3.    Kothari SN, Lambert PJ, Mathiason MA. A comparison of thromboembolic and bleeding events following laparoscopic gastric bypass in patients treated with prophylactic regimens of unfractionated heparin or enoxaparin. Am J Surg. 2007;194(6):709–711.
4.    Geerts WH, Bergqvist D, Pineo GF, et al. Prevention of venous thromboembolism: American College of Chest Physicians evidence-based clinical practice guidelines (8th Edition). Chest. 2008;133(6 Suppl):381S–453S.
5.    Weitz J. Low molecular weight heparins. N Engl J Med. 1997;337(10): 688–698.
6.    Escalante-Tattersfield T, Tucker O, Fajnwaks P, et al. Incidence of deep venous thrombosis in morbidly obese patients undergoing laparoscopic Roux en Y gastric bypass. Surg Obes Relat Dis. 2008;4(2):126–130.
7.    McGarry LJ, Stokes ME, Thompson D. Outcomes of thromboprophylaxis with enoxaparin vs. unfractionated heparin in medical inpatients. Thromb J. 2006;4:17.
8.    Arnold JD, Dart BW, Barker DE, et al. Unfractionated heparin three times a day versus enoxaparin in the prevention of deep venous thrombosis in trauma patients. Am Surg. 2010;76(6):563–570.
9.    Lim W. Using low molecular weight heparin in special patient populations. J Thromb Thrombolysis. 2010;29(2):233–240.
10.    Kalfarentzos F, Stavropoulou F, Yarmenitis S, et al. Prophylaxis of venous thromboembolism using two different doses of low molecular weight heparin (Nadroparin) in bariatric surgery: a prospective randomized trial. Obes Surg. 2001;11(6):670–676.
11.    Scholten DJ, Hoedema RM, Scholten SE. A comparison of two different prophylactic dose regimens of low molecular weight heparin in bariatric surgery. Obes Surg. 2002;12(1):19–24.
12.    Paige JT, Gouda BP, Gaitor-Stampley V, et al. No correlation between anti-factor Xa levels, low molecular weight heparin, and bleeding after gastric bypass. Surg Obes Relat Dis. 2007;3(4):469–475. Epub 2007 Jun 12.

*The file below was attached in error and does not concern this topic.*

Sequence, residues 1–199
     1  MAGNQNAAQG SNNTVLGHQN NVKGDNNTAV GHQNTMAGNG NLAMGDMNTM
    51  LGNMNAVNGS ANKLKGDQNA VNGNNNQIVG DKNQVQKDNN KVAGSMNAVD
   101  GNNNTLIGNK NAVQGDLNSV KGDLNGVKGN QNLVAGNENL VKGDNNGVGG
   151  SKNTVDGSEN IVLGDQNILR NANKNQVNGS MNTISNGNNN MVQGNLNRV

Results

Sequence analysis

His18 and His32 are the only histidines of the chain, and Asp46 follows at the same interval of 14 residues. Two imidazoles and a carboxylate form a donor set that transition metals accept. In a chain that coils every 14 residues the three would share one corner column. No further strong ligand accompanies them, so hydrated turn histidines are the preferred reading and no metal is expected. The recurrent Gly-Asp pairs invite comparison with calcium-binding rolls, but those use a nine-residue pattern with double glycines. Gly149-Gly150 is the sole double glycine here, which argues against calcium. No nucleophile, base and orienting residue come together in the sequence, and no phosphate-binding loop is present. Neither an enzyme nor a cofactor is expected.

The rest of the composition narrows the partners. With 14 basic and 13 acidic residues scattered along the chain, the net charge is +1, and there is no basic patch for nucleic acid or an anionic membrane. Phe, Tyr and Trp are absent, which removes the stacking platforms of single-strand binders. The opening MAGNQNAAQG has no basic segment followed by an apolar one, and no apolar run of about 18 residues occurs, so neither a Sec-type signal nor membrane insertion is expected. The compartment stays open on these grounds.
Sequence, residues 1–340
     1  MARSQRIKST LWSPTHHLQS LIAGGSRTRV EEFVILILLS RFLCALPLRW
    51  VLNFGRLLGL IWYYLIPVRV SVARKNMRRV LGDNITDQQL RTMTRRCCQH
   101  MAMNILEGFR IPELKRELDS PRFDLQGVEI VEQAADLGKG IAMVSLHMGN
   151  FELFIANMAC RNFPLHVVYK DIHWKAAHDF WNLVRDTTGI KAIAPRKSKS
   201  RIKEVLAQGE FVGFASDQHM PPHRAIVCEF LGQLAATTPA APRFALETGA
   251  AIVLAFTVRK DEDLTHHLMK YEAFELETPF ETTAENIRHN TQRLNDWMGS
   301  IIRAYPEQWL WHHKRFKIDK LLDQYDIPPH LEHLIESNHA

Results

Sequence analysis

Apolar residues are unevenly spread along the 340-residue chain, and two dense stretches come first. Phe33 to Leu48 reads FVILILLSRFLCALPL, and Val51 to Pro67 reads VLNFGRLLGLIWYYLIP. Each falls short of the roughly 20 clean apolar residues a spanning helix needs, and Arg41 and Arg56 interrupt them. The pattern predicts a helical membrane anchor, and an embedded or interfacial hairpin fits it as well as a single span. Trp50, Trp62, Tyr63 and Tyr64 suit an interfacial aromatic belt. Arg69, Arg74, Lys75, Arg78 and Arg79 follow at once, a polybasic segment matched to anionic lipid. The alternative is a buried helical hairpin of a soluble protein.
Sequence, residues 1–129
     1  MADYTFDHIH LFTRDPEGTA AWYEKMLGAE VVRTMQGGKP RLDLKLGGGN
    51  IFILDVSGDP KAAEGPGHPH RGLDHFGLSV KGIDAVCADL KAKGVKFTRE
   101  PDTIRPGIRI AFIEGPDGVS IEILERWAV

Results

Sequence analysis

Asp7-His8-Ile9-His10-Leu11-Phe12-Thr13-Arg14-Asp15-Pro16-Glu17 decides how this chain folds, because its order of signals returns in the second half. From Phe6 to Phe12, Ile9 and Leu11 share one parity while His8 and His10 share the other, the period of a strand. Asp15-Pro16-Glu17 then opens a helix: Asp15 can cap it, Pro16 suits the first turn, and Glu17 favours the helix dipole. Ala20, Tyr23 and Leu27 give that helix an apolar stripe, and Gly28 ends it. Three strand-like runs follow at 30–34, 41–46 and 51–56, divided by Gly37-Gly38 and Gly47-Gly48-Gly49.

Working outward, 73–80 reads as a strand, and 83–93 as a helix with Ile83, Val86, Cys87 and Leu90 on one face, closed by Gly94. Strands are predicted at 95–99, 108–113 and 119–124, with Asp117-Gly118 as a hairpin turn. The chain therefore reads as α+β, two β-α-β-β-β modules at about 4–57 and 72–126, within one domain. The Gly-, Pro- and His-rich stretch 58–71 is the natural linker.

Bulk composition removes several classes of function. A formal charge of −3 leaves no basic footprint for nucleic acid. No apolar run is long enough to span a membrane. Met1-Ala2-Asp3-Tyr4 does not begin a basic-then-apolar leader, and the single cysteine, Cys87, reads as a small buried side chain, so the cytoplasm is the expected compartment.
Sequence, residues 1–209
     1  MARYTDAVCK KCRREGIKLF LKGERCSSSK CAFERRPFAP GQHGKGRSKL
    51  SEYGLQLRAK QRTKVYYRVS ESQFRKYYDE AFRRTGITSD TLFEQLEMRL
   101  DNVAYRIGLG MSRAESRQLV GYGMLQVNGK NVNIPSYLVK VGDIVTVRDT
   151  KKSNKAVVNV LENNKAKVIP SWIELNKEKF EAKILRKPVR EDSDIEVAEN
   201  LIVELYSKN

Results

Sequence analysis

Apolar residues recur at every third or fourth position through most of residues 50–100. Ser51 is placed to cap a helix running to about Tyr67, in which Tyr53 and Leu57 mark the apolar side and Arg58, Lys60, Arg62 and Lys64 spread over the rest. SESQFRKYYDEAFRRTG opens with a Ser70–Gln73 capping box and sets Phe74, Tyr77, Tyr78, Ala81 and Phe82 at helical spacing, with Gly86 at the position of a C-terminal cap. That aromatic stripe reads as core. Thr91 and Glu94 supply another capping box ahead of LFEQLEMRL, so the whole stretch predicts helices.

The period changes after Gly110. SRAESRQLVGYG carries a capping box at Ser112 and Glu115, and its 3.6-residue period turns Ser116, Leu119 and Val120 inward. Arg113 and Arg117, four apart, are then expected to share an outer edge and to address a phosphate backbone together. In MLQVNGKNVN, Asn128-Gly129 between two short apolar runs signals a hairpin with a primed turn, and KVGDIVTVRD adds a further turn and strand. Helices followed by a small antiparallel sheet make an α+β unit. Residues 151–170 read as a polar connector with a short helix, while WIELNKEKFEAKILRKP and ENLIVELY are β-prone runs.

13.    Borkgren-Okonek MJ, Hart RW, Pantano JE, et al. Enoxaparin thromboprophylaxis in gastric bypass patients: extended duration, dose stratification, and antifactor Xa activity. Surg Obes Relat Dis. 2008;4(5):625–631. Epub 2008 Feb 8.
14.    Raftopoulos I, Martindale C, Cronin A, Steinberg J. The effect of extended post-discharge chemical thromboprophylaxis on venous thromboembolism rates after bariatric surgery: a prospective comparison trial. Surg Endosc. 2008;22(11):2384–2391. Epub 2008 Jul 12.
15.    Magee CJ, Barry J, Javed S, et al. Extended thromboprophylaxis reduces incidence of postoperative venous thromboembolism in laparoscopic bariatric surgery. Surg Obes Relat Dis. 2010;6(3):322–325. Epub 2010 Mar 10.
16.    Gonzalez QH, Tishler DS, Plata-Munoz JJ, et al. Incidence of clinically evident deep venous thrombosis after laparoscopic Roux en Y gastric bypass. Surg Endosc. 2004;18(7):1082–1084. Epub 2004 May 27.
17.    Clements RH, Yellumahanthi K, Ballem N, et al. Pharmacologic prophylaxis against venous thromboembolic complications is not mandatory for all laparoscopic Roux en-Y gastric bypass procedures. J Am Coll Surg. 2009;208(5):917–921; discussion 921–923.
18.    Rajasekhar A, Crowther MA. ASH evidence-based guidelines: What is the role of inferior vena cava filters in the perioperative prevention of venous thromboembolism in bariatric surgery patients? Hematology Am Soc Hematol Educ Program. 2009:302–304.
19.    Obeid FN, Bowling WM, Fike JS, Durant JA. Efficacy of prophylactic inferior vena cava filter placement in bariatric surgery. Surg Obes Relat Dis. 2007;3(6):606–608; discussion 609–610. Epub 2007 Oct 23.
20.    Vaziri K, Bhanot P, Hungness ES, et al. Retrievable inferior vena cava filters in high-risk patients undergoing bariatric surgery. Surg Endosc. 2009;23(10):2203–2207. Epub 2009 Jan 28.
21.    Schuster R, Hagedorn JC, Curet MJ, Morton JM. Retrievable inferior vena cava filters may be safely applied in gastric bypass surgery. Surg Endosc. 2007;21(12):2277–2279. Epub 2007 Apr 13.
22.    Trigilio-Black CM, Ringley CD, McBride CL, et al. Inferior vena cava filter placement for pulmonary embolism risk reduction in super morbidly obese undergoing bariatric surgery. Surg Obes Relat Dis. 2007;3(4):461–464. Epub 2007 Jun 4.
23.    Halmi D, Kolesnikov E. Preoperative placement of retrievable inferior vena cava filters in bariatric surgery. Surg Obes Relat Dis. 2007;3(6):602–605. Epub 2007 Jun 4.
24.    Overby DW, Kohn GP, Cahan MA, et al. Risk group targeted inferior vena cava filter placement in gastric bypass patients. Obes Surg. 2009;19(4):451–455. Epub 2009 Jan 6.
25.    Gargiulo NJ 3rd, O’Connor DJ, Veith FJ, et al. Long-term outcome of inferior vena cava filter placement in patients undergoing gastric bypass. Ann Vasc Surg. 2010;24(7):946–949.

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  1. Lakshmi says:

    Still dose of LMWH not clear .In our center we give fragmin 5000U a night before surgery . We also use sequential compression devices intra and post ,TED stockings, along with ambulation. we restart fragmin on 12 hrs after surgery nd then OD .I would like to know the correct dosage